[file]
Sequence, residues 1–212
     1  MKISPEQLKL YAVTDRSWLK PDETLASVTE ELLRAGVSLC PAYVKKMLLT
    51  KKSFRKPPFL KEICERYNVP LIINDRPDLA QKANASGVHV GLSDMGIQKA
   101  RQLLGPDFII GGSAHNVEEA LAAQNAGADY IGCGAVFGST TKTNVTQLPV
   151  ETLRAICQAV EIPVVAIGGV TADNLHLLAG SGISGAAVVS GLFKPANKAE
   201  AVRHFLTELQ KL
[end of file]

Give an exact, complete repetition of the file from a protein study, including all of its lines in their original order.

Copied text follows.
Sequence, residues 1–212
     1  MKISPEQLKL YAVTDRSWLK PDETLASVTE ELLRAGVSLC PAYVKKMLLT
    51  KKSFRKPPFL KEICERYNVP LIINDRPDLA QKANASGVHV GLSDMGIQKA
   101  RQLLGPDFII GGSAHNVEEA LAAQNAGADY IGCGAVFGST TKTNVTQLPV
   151  ETLRAICQAV EIPVVAIGGV TADNLHLLAG SGISGAAVVS GLFKPANKAE
   201  AVRHFLTELQ KL